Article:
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Best players in Clemson history: Center

Kyle Young ranks among the top student-athletes in Clemson history. He is the only three-time first-team Academic All-American in any sport in the Clemson record books. He is also one of just two ACC football players and one of just two offensive linemen in college football history to be a three-time first-team selection.

Young, who grew up in Clemson and went to high school at nearby Daniel High School, was a two-time All-American on the field in 2000 and 2001 – the only center in Clemson history to accomplish this feat. As the starting center for the Tigers, he was a finalist for the Dave Remington Award in 2000 and 2001 for the nation’s top center.

Young, who now serves as Clemson’s Associate Athletic Director of Administration, helped the Tigers to three bowl games in Tommy Bowden’s first three years at the school, including the 2000 season when Clemson finished 14th in the final USA Today poll with a 9-3 record. Young provided many of the holes that Woodrow Dantzler ran through to establish Clemson and national records as the starting quarterback in 2000 and 2001.

In 2001, Young became the first Clemson football student-athlete in 23 years to win an NCAA Football Foundation Scholar Athlete Award. He also won the Jim Tatum Award given to the ACC’s top scholar athlete in football and was the recipient of the Anson Mount scholarship for the nation’s top scholar athlete in football.

Young, who lettered at Clemson from 1998-2001, was a Strength & Conditioning All-American in 2001 and is the only student-athlete in Clemson history to be named an All-American in all three areas. He and former Tiger and current PGA golfer Jonathan Byrd are the only athletes in Clemson history to be named on-the-field and academic All-Americans twice.

Young also tied a school record with 40 straight games and started a then Clemson record 36 at center. A three-time All-ACC pick, Young had a record tying 21 knockdown blocks against NC State in 2001.

Honorable mentions:

Jeff Bostic (1976-’79): Bostic never made All-American, but he was still one of the best centers to ever play at Clemson. Bostic was a key component in the resurgence of Clemson football in the late 1970s. During his career, Clemson played in three bowl games, the 1977 and ‘78 Gator Bowls and the 1979 Peach Bowl. The 1977 Gator Bowl appearance was the first bowl game for the Tigers in 18 years. Bostic was a three-year starter on the offensive line, two years at center and one year at offensive guard. Bostic also handled the deep snapping and was named first-team All-ACC in 1979. Bostic teamed with his brother, Joe, to anchor the offensive line in 1977 and ‘78, the greatest offensive line brother combination in Clemson history. Bostic went on to play 14 seasons in the NFL with the Washington Redskins and won three Super Bowls – the most Super Bowl titles by a former Clemson player.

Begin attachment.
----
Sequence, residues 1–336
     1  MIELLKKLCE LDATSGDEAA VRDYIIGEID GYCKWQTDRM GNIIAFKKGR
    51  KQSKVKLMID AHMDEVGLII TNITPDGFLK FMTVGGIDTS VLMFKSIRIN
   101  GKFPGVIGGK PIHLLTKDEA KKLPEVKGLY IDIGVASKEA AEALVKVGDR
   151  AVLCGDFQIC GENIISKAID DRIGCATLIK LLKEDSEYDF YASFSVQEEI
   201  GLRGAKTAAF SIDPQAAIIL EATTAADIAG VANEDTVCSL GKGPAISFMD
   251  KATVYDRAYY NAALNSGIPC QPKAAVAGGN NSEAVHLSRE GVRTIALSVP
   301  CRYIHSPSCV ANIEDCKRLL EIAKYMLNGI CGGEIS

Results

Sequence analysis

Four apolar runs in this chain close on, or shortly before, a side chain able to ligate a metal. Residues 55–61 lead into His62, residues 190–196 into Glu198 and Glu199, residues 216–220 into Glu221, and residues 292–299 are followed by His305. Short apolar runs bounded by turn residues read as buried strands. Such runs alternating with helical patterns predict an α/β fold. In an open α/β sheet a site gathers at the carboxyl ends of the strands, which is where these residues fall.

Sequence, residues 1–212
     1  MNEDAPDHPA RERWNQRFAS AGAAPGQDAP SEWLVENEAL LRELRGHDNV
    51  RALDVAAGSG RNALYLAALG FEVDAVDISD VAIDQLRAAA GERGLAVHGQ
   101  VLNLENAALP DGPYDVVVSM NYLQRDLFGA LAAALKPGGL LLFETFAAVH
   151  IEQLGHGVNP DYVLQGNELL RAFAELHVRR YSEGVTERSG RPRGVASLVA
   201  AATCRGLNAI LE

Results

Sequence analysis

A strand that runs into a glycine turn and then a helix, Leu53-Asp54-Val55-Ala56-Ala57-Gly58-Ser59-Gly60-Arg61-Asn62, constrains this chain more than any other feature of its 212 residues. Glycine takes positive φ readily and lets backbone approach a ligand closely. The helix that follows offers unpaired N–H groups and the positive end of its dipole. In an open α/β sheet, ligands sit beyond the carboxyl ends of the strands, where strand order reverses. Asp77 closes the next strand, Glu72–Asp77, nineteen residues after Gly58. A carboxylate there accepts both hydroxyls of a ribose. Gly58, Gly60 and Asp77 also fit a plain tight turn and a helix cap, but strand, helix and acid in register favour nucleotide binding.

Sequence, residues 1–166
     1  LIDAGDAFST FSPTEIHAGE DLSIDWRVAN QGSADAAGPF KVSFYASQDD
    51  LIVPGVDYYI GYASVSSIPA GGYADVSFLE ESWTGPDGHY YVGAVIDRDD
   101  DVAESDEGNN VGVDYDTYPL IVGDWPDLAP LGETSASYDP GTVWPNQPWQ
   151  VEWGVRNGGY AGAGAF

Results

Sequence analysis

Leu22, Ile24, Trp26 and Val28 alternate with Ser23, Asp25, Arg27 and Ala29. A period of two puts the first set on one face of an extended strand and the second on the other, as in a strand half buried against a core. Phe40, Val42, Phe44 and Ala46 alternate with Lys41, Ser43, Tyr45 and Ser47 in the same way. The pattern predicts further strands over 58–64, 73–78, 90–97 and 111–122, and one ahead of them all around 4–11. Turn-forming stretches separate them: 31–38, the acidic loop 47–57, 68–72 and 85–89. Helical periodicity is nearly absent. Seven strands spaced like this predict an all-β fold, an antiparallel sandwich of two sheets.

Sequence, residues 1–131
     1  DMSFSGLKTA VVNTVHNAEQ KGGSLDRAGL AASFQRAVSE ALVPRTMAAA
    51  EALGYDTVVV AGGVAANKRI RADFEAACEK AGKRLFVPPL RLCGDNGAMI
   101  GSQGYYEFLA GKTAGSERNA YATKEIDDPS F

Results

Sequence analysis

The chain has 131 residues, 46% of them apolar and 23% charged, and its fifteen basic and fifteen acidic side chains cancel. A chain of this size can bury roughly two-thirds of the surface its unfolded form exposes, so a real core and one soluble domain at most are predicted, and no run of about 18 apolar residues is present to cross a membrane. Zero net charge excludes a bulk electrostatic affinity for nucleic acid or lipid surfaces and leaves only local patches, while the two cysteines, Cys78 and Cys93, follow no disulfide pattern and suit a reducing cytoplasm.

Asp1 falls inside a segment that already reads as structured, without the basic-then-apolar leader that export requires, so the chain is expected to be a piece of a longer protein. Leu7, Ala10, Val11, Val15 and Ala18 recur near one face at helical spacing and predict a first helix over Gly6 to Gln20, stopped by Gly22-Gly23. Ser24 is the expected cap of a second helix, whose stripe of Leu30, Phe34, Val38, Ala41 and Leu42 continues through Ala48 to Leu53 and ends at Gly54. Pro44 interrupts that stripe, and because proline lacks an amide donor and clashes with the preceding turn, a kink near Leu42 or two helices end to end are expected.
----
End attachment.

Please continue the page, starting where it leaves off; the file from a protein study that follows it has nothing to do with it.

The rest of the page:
Dalton Freeman (2009-’12): A First-Team All-American in 2012, Freeman had 28 knockdowns in 959 snaps over 13 games. For his career he had 171 knockdowns in a school-record 3,361 snaps over 53 games (49 starts). He tied for first in school history in starts and tied for fourth in total games. He started each of the last 49 games at center. Freeman was a two-time finalist for the Remington Trophy, a two-time First-Team All-ACC selection (media), the first Tiger center to do that and a three-time Academic All-ACC selection.

Jay Guillermo (2013-’16): Guillermo was a two-time All-ACC starting center for the Tigers and helped lead Clemson to its first national championship in 35 years last season. He posted 69 knockdowns in 2,552 snaps over 46 games in his career. He had 29 starts. In 2016, he was a First-team All-ACC center as he totaled a team-high 39 knockdown blocks in 1,071 snaps in 15 games. He posted a team-high five knockdowns and graded 93 percent in ACC Championship win over Virginia Tech and a team-high five knockdowns in the Fiesta Bowl win over Ohio State. He finished his career in fine fashion with four knockdowns in 99 snaps against Alabama in the National Championship Game. In 2015, he was a second-team All-ACC selection and three-times was named ACC Offensive Lineman-of-the-Week, a first for a Clemson lineman since Stacy Long in 1989. He won the Renwick-Flanders Most Improved Player on offense as he had 25 knockdowns in 1,092 snaps over 15 games, including 13 starts.

O.K. Pressley (1926-’28): Pressley was Clemson’s first All-American when he was named to the third team list by Newspaper Enterprise of America, John Heisman and Walter Trumbull. He was the starting center for Josh Cody’s 1926, ’27 and ’28 teams. He was the team captain. He started 25 of the 29 games he played in during his three seasons as a Tiger. He helped lead the Tigers to an 8-3 record in 1928 in which he was named All-American and All-Southern Conference.

Ralph Jenkins (1943-’46): Jenkins was a second-team All-American in 1945 and played in the 1946 Blue-Gray Classic. He was a three-time captain, the first three-time captain in Clemson history. He started the first 27 games of his career. An injury caused him to start only four games in his senior year in 1946.

 

–Photo Credit: Kim Klement-USA TODAY Sports

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